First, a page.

Over 50 Asian and European foreign ministers will meet in Spain mid-December to prepare for the annual Asia Europe Meeting (ASEM) in Cambodia next year. They are expected to reiterate commitments to work together for ‘effective multilateralism’. That’s fine and good but to really make ASEM matter, ministers should use the Madrid meeting to break the logjam on two key irritants.
First, Asians should – finally – give the EU a permanent seat at the East Asia Summit. As former EU Council President Donald Tusk said ahead of attending the 2017 summit in Manila as ‘guest of the chair’, Europe needs Asia, and Asia needs Europe. Keeping the EU outside the EAS in a world of rapid geopolitical change and disruption makes little sense.
Second, ASEAN and the EU should sign up to a strategic partnership as soon as possible. The bilateral dispute over palm oil between the EU and the world’s two major exporters of the commodity, Indonesia and Malaysia, is important and must be resolved. But it should not stand in the way of a much-needed formal upgrading of EU-ASEAN ties.
In addition, the EU should bite the bullet and voice its interest in joining the 11-member Trans-Pacific Partnership, or TPP-11, thereby creating a vast free trade zone. Japan, which worked with other members of the TPP-11 to see it finally come into force in December 2018, now has its own economic agreement with the EU. It could act as a bridge between the two. Although it won’t be easy to negotiate given different levels of trade ambition, an EU-TPP-11 trade agreement would create a trade bloc of unprecedented size and send a strong political message of commitment to free trade and multilateralism.
ASEM ministers must use the Madrid meeting to prepare a Europe-Asia blueprint on WTO reform which deals with difficult questions like developing country status, the role and power of state-owned enterprises, as well as protection of intellectual property rights and industrial subsidies.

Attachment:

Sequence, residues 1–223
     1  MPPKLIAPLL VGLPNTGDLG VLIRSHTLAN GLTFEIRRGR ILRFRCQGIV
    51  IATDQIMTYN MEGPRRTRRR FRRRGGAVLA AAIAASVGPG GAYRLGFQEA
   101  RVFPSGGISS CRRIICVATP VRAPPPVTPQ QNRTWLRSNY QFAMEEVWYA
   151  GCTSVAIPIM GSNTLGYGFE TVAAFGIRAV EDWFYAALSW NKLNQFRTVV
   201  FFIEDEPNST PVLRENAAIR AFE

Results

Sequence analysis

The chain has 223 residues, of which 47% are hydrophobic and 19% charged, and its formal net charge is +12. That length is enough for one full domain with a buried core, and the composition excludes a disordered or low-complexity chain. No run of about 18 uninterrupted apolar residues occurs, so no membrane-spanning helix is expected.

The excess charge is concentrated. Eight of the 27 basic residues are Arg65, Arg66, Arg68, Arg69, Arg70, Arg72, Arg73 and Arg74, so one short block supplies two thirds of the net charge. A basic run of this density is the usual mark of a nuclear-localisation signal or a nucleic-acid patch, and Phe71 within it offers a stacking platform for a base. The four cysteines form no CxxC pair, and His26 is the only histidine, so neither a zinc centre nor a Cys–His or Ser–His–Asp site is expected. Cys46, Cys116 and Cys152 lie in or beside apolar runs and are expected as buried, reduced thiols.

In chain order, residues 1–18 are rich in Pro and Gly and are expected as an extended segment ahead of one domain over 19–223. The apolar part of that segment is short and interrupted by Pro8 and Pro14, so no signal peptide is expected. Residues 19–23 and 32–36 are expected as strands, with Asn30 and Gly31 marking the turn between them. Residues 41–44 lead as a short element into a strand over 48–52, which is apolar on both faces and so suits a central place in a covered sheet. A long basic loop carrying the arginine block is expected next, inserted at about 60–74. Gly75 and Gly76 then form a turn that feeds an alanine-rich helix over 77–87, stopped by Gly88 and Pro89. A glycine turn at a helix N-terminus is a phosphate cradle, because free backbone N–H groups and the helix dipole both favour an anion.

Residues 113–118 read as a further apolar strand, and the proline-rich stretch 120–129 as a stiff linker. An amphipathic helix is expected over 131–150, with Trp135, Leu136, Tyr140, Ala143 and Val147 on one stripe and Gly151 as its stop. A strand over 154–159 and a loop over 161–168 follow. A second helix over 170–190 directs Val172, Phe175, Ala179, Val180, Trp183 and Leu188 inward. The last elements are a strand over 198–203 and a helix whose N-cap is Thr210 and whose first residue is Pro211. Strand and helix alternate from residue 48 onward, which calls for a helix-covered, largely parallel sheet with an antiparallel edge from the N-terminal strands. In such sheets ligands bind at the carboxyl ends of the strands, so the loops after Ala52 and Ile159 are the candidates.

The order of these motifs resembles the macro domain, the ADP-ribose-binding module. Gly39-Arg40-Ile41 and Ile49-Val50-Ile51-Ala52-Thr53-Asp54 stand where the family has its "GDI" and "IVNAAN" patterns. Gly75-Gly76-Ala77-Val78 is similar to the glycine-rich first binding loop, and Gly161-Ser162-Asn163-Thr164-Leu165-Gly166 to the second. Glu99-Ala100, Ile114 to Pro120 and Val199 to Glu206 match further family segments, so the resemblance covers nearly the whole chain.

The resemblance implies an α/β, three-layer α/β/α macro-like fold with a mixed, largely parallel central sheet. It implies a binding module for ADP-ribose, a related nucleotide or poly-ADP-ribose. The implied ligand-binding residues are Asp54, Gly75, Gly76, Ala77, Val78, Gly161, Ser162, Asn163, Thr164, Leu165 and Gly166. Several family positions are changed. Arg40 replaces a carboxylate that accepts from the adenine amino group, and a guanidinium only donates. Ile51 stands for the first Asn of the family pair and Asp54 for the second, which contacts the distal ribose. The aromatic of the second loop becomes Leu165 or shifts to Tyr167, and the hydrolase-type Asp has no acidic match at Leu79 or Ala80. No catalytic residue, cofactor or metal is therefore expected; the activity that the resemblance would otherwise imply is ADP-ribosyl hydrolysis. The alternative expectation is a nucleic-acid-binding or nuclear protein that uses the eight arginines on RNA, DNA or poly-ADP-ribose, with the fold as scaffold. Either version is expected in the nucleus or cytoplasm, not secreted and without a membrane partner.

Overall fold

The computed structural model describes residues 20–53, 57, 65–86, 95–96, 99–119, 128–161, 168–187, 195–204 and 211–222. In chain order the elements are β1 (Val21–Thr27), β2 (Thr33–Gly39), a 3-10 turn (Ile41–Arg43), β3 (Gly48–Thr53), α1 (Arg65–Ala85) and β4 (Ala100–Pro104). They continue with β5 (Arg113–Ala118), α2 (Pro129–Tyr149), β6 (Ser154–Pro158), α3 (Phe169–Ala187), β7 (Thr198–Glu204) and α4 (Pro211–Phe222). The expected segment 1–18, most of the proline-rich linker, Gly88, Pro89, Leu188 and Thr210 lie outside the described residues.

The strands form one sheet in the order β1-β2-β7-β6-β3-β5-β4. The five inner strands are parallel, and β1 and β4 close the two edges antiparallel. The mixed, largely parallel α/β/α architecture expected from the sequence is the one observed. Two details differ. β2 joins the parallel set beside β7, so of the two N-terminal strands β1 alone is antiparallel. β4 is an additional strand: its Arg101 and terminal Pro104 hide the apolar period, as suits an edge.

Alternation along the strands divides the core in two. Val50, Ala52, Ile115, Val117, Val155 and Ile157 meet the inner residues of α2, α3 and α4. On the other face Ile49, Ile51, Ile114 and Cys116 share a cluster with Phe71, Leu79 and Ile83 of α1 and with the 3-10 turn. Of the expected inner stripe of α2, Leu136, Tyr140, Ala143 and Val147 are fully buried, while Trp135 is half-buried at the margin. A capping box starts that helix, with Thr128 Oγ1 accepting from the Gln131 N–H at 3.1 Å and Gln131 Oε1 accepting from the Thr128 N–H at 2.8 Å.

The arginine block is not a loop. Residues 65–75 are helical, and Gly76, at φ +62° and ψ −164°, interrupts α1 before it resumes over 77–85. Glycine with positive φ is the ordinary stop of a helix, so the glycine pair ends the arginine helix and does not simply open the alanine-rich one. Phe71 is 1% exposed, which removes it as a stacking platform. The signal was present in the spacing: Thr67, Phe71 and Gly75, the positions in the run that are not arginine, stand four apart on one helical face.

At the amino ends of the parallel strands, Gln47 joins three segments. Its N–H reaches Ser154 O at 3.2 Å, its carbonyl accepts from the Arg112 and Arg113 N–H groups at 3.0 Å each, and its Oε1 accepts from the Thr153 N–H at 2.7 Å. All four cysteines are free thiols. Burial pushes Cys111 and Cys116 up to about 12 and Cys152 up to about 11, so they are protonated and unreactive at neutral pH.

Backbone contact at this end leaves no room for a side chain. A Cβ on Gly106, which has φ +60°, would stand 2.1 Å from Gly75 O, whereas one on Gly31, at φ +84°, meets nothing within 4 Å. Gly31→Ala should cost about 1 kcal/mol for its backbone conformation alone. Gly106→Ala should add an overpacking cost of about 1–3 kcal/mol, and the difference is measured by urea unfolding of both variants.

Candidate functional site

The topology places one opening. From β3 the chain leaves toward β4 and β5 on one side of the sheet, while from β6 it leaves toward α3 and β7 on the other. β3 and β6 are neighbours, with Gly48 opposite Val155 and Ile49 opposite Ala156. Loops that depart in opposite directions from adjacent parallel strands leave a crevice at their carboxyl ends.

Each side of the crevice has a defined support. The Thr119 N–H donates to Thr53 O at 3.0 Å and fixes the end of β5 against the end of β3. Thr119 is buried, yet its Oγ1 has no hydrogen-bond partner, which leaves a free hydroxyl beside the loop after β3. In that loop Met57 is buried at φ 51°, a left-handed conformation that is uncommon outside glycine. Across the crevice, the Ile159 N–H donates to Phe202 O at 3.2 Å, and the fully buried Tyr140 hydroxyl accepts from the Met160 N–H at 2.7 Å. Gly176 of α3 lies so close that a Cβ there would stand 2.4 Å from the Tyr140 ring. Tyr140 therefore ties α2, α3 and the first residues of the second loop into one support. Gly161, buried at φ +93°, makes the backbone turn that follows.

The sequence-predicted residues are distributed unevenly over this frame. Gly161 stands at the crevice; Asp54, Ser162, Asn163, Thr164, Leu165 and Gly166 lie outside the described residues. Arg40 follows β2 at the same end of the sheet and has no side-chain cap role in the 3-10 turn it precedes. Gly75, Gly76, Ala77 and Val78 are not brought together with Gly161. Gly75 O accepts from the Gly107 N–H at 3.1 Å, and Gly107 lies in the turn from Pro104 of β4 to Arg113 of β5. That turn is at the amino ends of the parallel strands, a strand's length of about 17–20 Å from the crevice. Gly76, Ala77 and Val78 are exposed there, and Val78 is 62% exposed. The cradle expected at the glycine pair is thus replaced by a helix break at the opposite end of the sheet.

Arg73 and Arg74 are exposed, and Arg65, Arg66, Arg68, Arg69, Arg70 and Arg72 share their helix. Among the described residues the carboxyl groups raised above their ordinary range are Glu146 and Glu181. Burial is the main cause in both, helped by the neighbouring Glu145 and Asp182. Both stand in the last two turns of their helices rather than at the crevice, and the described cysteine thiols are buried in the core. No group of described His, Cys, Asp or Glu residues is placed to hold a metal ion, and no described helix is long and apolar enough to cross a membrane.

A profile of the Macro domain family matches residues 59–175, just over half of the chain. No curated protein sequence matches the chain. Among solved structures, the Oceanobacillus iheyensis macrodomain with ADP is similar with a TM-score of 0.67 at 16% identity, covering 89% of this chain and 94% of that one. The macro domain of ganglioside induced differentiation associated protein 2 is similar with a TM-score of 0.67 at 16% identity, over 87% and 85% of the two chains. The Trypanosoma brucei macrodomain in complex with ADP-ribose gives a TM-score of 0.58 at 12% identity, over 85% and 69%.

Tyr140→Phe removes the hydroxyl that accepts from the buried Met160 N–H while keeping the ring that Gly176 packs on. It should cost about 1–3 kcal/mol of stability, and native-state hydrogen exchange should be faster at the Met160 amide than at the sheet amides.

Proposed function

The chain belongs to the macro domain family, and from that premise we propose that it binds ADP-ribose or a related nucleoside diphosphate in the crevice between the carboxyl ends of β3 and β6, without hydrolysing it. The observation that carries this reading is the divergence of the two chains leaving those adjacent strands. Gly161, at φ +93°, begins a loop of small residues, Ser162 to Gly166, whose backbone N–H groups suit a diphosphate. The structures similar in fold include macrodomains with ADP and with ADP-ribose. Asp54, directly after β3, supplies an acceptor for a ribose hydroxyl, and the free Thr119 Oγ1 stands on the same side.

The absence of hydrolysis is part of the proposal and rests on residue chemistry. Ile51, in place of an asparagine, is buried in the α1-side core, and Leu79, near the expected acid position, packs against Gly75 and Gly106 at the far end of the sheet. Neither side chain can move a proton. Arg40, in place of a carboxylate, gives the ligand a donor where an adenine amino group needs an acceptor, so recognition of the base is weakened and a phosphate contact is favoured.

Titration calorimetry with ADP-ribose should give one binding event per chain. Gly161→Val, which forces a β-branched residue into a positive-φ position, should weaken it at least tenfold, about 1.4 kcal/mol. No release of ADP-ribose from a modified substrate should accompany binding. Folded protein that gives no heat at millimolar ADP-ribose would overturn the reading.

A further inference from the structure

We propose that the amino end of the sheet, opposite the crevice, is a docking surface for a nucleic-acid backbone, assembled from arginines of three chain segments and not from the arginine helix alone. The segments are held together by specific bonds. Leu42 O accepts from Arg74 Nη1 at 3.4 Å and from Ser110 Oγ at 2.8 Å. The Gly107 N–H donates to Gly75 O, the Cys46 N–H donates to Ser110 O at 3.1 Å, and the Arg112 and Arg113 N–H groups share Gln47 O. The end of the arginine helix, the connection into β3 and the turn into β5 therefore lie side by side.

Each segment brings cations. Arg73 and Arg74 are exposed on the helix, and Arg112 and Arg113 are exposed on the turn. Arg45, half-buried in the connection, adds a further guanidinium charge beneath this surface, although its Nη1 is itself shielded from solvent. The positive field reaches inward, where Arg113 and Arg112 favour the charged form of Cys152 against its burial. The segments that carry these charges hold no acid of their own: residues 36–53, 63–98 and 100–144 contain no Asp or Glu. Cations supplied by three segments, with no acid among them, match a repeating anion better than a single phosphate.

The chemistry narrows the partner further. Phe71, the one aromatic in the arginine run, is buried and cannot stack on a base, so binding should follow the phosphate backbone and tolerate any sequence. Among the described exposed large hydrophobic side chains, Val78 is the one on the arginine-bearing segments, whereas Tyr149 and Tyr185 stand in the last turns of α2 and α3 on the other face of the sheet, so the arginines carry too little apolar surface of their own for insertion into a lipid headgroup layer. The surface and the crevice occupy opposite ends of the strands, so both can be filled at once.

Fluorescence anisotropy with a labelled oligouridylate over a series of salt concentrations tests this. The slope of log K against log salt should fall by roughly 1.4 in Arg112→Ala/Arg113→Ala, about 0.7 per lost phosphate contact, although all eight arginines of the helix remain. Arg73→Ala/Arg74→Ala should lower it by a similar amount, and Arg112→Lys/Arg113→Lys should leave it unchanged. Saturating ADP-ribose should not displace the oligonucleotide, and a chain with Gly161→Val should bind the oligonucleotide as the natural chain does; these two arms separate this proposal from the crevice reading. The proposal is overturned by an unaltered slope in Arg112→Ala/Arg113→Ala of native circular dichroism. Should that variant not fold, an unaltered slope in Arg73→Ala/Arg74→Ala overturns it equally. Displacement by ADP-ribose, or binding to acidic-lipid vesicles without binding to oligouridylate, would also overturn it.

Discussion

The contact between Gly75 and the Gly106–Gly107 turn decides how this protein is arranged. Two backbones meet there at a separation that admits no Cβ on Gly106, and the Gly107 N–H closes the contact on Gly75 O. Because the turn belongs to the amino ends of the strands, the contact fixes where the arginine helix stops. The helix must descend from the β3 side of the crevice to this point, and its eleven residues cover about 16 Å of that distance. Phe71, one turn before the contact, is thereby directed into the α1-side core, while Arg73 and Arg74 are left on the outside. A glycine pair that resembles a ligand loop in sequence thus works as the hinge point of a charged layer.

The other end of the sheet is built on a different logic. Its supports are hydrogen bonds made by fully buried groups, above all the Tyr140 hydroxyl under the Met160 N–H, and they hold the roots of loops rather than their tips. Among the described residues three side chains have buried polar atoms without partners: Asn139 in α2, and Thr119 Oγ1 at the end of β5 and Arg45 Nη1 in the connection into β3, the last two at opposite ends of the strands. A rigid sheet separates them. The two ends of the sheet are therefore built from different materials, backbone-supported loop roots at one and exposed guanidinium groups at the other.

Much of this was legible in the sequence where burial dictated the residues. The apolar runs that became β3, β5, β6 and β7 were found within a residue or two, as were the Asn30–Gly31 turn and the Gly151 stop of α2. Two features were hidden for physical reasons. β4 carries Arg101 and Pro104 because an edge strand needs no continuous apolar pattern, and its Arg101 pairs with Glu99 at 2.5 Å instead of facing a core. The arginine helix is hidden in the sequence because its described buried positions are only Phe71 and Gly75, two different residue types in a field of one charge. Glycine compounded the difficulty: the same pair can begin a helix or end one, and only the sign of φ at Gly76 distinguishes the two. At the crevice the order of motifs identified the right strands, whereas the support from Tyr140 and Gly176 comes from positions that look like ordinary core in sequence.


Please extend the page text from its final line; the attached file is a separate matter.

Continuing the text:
Preparations should also start on ensuring that the ASEM summit in Cambodia in 2020 takes serious steps to multilateralise global connectivity initiatives, including China’s Belt and Road Initiative. As recommended by Friends of Europe’s recent publication, this should include the start of discussions on crafting a rules-based Connectivity Code of Conduct.
Finally, following the US move to withdraw from the Paris Agreement, Europe and Asia have a common interest in working together to reduce climate-warming emissions, a point also made by Macron following his talks in Beijing.
Fraught US-China relations are going to be part of the geopolitical disorder for years to come. Also, as some have speculated, a post-Brexit ‘Global Britain’ could make intra-European competition in Asia even messier. The long list of geopolitical challenges facing the incoming EU leadership requires smart moves to keep relations with the US on an even keel. It also needs an equal effort to step up Europe-Asia engagement.
*Shada Islam is director of policy at Friends of Europe, a leading European think-tank that aims to stimulate new thinking on global and European issues.